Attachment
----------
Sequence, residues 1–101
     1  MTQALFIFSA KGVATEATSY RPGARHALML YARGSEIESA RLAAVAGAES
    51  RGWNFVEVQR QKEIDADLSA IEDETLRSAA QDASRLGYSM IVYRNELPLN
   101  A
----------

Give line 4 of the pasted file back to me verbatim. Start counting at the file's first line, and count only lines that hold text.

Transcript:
   101  A